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Forum Post: Turns Out the Mystery French Bank that Almost Went Under this Week, Prompting a Global Money Print, was -Credit Agricole-

Posted 10 years ago on Dec. 1, 2011, 10:46 a.m. EST by MonetizingDiscontent (1257)
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Turns out the mystery French bank that almost went under this week, prompting a global money print was Credit Agricole

http://maxkeiser.com/2011/12/01/turns-out-the-mystery-french-bank-that-almost-went-under-this-week-prompting-a-global-money-print-was-credit-agricole/

-December 1, 2011-

Dollar Libor Market Hints 66x Leveraged Credit Agricole Was Bank X

http://www.zerohedge.com/news/dollar-libor-market-hints-credit-agricole-was-bank-x

-December 1, 2011-

Guest Post: The Fed’s European “Rescue”: Another Back-Door US Bank / Goldman bailout?

Submitted by Nomi Prins, former Goldman Sachs Managing Director

http://www.zerohedge.com/news/guest-post-fed%E2%80%99s-european-%E2%80%9Crescue%E2%80%9D-another-back-door-us-bank-goldman-bailout

-12/01/2011-

Did A Large European Bank Almost Fail Last Night?

http://www.zerohedge.com/news/did-large-european-bank-almost-fail-last-night

((((11/30/2011))))

Need a reason to explain the massive central bank intervention from China, to Japan, Switzerland, the ECB, England and all the way to the US? Forbes may have one explanation: "It appears that a big European bank got close to failure last night. European banks, especially French banks, rely heavily on funding in the wholesale money markets.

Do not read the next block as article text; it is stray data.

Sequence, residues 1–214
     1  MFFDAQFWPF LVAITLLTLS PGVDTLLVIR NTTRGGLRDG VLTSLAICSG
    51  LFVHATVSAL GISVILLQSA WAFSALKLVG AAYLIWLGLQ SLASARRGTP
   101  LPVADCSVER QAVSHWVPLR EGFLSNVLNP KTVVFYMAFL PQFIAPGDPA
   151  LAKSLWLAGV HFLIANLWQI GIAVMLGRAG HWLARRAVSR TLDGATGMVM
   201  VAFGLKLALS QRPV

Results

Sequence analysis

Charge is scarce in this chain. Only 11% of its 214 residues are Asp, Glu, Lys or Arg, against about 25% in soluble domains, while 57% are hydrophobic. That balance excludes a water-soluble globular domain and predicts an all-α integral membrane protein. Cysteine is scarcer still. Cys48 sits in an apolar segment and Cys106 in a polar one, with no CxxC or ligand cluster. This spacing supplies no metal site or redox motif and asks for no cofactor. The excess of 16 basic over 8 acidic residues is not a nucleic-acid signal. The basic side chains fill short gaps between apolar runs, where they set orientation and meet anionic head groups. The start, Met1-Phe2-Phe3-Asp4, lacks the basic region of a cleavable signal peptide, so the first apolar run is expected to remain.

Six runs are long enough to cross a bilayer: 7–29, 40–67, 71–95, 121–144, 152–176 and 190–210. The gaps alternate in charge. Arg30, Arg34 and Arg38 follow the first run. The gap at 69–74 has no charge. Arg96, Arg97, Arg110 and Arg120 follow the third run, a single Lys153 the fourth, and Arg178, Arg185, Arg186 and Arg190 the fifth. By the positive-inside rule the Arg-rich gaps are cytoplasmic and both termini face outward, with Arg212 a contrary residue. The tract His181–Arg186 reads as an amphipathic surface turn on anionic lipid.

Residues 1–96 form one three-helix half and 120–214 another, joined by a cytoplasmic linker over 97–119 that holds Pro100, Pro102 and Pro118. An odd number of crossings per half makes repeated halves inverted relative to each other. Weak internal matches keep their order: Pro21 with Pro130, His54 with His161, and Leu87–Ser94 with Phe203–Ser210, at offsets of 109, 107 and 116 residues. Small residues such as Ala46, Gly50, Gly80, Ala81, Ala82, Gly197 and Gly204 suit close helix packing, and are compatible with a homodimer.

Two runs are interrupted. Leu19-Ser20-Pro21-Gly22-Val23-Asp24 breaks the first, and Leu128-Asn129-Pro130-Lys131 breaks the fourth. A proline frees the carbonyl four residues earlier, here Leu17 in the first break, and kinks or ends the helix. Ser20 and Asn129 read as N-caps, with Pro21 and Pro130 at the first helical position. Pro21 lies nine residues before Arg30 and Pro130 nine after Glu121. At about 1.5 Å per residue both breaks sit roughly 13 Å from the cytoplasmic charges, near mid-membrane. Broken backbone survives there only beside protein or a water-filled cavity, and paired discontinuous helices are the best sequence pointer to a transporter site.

It appears that a major bank was having difficulty funding its immediate liquidity needs. The cavalry was called in and has come to the successful rescue." Granted the post is rather weak on factual backing and is mostly speculative, but it would certainly make sense. That said, it harkens back to our original question: just how bad was the situation if the global central banking cabal had to intervene all over again, and just what was not being told to the general public?

Lastly, and most important, slapping liquidity bandaids on solvency gangrenes does nothing but buy a few days at most. Furthermore, we now expect the stigmata associated with borrowing from the Fed to haunt each and every European bank as vigilantes will now use the weekly ECB update on borrowings from the Fed as a signal to hone in on this and that weak Italian and French, pardon, European bank....

(((Continue Reading the -Full- article Here))) http://www.zerohedge.com/news/did-large-european-bank-almost-fail-last-night

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[-] 1 points by ohmygoodness (158) 10 years ago

We must let the banks fail (who said big banks are too big too fail - bogeyman), then sovereign nations should buy them at pennies/eurocents to the Dollar/Euro.

Voilà would they become profitable the next year (as history as shown us this year, yes) and they could be gotten at a bargain prices.

Large individual private stockholders should be allowed to lose, consideration should be given to social investors and small private investors at some point.

One nice trend unfolding, sovereign governments are borrowing from their citizens; if money needs to be created by debt-money (at least temporarily), at least let it benefit the citizens; perhaps this might reduce the shadow economy and the new stockholders will be citizens and known entities.

[-] 1 points by MonetizingDiscontent (1257) 10 years ago

yup absolutely, let them fail. letting the banks fail IS capitalism.

Bailing them out is killing capitalism. That's crony capitalism and who can -honestly- compete with that. good to see you again o.m.g. =)